LED Guitar Pickups???

Hey guys,

I'm interested in putting LED lights in my guitars pickups. I've seen a few people do this on the net and gives a brilliant effect.

I know to put this all together on the guitar, the only problem i have is making a circuit for the LED's. I know there are instructables on how to wire LED's but none show any circuit with a switch.

I have all the equipment needed for this, eg. LED's, resisitor, 9V battery, toggle switch, wire etc.

So basically i'm asking whether someone would be kind enough to show me how to wire 2 series circuits which both consist of 4 LED's which connect back to a switch and a standard 9V battery connector.
And if possible, close up pictures would be very helpful.

For an idea of what i am on about here is a video of someone who has already done it, but i didn't find his instructions helpful at all.

Any help would be much appreciated.

Thanks Dan

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HankMcSpank5 years ago
I just bought some humbucker backlights from this bloke...

www.guitarleds.com
hsandford7 years ago
Yeah, I know I'm commenting on an old thread, but in case others want to see an answer to this, I've just written up how I acheived flashing LEDs via the guitar pickup wiring as a sound following circuit.

Let me know what you think.
rockandjay8 years ago
that would be simple just wire the leds the long lead to + and short to ground one after another then take the long lead+ from one side of the circuit and and the short or- lead from the other side and sodder on wires tand feed them into the other pickup area (there should already be a hole that connects them...) and do the same thing but this time take the wires and feed them through the hole on the last pickup that goes to the elctrical area of the guitar (on the back that usually has a panel with a few screws that hold it in place...) and take the - wire and solder it directly into the 9v battery holders - wire and take your toggle switch and take the + lead from you LEDs and solder onto the left prong/middle prong of the switch and solder the + from the battery holder the the other prong usually the left prong... connect your battery screw in the back panel, reattach your pickups and flick on the switch!
i thik that would be so kool to mea it wicked !!!!
Extremofile8 years ago
LED lights will work great underneath these: http://www.q-tuner.com
caitlinsdad9 years ago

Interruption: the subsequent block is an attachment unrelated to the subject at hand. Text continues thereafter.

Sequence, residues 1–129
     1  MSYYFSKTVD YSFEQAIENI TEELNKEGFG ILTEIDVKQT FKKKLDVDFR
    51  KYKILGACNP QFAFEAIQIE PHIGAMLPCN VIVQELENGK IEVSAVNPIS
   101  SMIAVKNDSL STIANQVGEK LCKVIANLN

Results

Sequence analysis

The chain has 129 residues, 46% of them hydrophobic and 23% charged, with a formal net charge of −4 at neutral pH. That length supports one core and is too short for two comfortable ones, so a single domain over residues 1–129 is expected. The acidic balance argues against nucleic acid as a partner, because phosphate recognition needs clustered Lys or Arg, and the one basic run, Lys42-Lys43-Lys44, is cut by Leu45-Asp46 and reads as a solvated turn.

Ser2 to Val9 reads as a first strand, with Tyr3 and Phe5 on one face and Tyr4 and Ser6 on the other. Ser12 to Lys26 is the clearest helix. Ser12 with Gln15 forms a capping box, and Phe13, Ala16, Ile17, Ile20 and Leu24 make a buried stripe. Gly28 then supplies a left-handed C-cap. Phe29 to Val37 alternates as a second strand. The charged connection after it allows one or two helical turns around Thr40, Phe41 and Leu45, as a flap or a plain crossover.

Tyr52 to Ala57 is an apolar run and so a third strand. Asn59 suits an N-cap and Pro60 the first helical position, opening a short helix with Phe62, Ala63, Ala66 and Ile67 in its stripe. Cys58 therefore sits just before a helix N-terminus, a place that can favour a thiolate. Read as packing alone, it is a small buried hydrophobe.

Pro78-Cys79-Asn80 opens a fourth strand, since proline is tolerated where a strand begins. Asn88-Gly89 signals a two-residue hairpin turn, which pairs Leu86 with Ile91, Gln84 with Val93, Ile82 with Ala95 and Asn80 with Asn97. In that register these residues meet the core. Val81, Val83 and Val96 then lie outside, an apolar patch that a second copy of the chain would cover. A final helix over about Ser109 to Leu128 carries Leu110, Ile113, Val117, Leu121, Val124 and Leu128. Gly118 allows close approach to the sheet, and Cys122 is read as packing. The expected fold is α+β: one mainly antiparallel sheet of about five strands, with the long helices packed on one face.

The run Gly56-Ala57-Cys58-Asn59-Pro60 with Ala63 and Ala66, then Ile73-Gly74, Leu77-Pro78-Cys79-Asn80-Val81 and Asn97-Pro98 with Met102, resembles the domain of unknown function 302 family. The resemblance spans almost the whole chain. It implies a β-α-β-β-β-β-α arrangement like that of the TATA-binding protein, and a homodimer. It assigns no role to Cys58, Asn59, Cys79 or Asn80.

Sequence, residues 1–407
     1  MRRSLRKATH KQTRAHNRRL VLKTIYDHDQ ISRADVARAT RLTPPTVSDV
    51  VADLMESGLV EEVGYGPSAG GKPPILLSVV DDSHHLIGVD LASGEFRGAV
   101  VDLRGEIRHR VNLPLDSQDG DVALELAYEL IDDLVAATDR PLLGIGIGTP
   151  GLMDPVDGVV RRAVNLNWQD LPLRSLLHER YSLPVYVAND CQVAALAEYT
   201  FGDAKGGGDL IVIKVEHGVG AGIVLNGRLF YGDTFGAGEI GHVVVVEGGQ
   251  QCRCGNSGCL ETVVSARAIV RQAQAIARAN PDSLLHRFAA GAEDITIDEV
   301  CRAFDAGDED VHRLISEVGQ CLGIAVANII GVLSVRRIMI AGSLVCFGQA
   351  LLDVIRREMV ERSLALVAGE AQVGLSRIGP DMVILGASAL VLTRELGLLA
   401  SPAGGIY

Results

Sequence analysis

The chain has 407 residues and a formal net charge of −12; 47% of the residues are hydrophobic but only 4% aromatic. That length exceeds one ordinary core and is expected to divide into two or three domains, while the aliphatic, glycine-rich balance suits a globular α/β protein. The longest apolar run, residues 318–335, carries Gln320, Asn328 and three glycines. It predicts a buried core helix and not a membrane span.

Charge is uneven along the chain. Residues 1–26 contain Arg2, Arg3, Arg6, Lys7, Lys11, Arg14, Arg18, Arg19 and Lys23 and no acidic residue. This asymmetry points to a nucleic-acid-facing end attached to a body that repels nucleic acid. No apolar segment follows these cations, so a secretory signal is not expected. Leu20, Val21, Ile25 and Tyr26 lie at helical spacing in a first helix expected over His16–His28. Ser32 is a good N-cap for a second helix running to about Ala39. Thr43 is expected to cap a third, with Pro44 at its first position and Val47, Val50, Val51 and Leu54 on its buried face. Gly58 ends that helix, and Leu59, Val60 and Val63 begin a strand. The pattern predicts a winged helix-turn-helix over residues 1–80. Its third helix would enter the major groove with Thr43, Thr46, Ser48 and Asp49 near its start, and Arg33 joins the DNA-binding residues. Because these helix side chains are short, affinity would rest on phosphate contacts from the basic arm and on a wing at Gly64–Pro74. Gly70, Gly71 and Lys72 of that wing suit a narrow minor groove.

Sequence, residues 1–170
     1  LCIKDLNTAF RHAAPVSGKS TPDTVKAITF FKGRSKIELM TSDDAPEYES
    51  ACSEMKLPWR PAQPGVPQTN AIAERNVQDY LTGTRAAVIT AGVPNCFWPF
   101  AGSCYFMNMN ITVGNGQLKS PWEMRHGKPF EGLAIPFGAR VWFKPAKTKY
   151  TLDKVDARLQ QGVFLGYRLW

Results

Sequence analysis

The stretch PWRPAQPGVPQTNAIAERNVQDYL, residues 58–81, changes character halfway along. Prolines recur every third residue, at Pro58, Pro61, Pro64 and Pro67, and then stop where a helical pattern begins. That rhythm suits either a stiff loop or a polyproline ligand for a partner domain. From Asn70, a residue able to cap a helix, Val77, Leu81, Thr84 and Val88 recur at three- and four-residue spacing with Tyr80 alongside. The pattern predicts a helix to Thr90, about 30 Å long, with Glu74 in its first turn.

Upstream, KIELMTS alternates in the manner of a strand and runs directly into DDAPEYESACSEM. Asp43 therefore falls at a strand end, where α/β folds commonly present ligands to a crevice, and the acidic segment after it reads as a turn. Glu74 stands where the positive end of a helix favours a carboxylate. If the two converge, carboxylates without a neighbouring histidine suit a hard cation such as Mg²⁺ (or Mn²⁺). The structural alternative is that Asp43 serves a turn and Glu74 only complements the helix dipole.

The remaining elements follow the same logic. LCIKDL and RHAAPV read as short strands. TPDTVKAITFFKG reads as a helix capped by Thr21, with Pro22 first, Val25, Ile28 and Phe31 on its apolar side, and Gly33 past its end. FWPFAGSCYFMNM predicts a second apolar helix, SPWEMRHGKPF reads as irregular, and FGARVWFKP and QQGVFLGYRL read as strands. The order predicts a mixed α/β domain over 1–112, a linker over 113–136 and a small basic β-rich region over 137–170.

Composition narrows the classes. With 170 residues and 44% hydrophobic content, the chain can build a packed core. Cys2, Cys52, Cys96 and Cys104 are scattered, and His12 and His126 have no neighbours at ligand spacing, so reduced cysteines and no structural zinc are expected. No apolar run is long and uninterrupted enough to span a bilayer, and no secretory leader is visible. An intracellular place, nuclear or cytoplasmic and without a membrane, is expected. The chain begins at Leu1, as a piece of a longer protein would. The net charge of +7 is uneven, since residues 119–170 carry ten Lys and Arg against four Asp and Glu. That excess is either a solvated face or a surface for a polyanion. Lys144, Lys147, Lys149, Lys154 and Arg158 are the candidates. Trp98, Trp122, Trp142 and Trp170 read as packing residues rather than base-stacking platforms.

This twinkler is more advanced and pretty cool as it responds to the notes. His website is in Korean though.

I'm not a LED expert but maybe you could just gut out one of those bicycle warning flasher lights and embed that in your axe.
Dantallica (author)  caitlinsdad9 years ago
thanks for the reply. not quite sure about the flashing though. i remember reading on a forum about LED lights around a guitar body and many people said that and LED light that flashes can cause interference whilst playing. apparently every time it flashes the LED gives off alpha rays or something that cause the interference. but it's fine when an LED is constantly on as it will only produce a single ray once turned on (something on the lines of that, can't really remember it well).
Hmmm. An LED blinking in response to your playing "attack" shouldn't cause any interference to a guitar amp. The circuit would be switching at audio frequencies, not at RF and an LED doesn't emit anything other than light (in a very narrow bandwidth.)

After all, you're amplifying the same signal with 50 or 100 watt amps at those same frequencies; enough power to rattle your neighbor's windows. And the only interference is the usual audio feedback loop inherent to all audio amplfication. WAY less power to drive the LEDs.

But a poorly designed preamp circuit could probably produce some RF. And a low-impedance input would really "load" a standard guitar pickup, and that would muck with the signal.

So something hi-impedance (like a MOSFET) would be a good first stage. Even a hiZ CMOS logic chip could be used, ala Craig Anderton's Tube Amp Fuzz. Maybe fed to another transistor, or a LM386 to drive the LEDs... Add some roll-off caps to tame any high frequency noise, and it should work.

'Course, I'm just musing; maybe that's more than you care to tackle...
. Then all you need is a battery, a resistor, and an LED(s). The resistor will depend on what battery you use and the type/number of LEDs. Add a switch, if you want.
. Noahw has a great intro to LEDs. Even has links to info on calc'ing resistor value.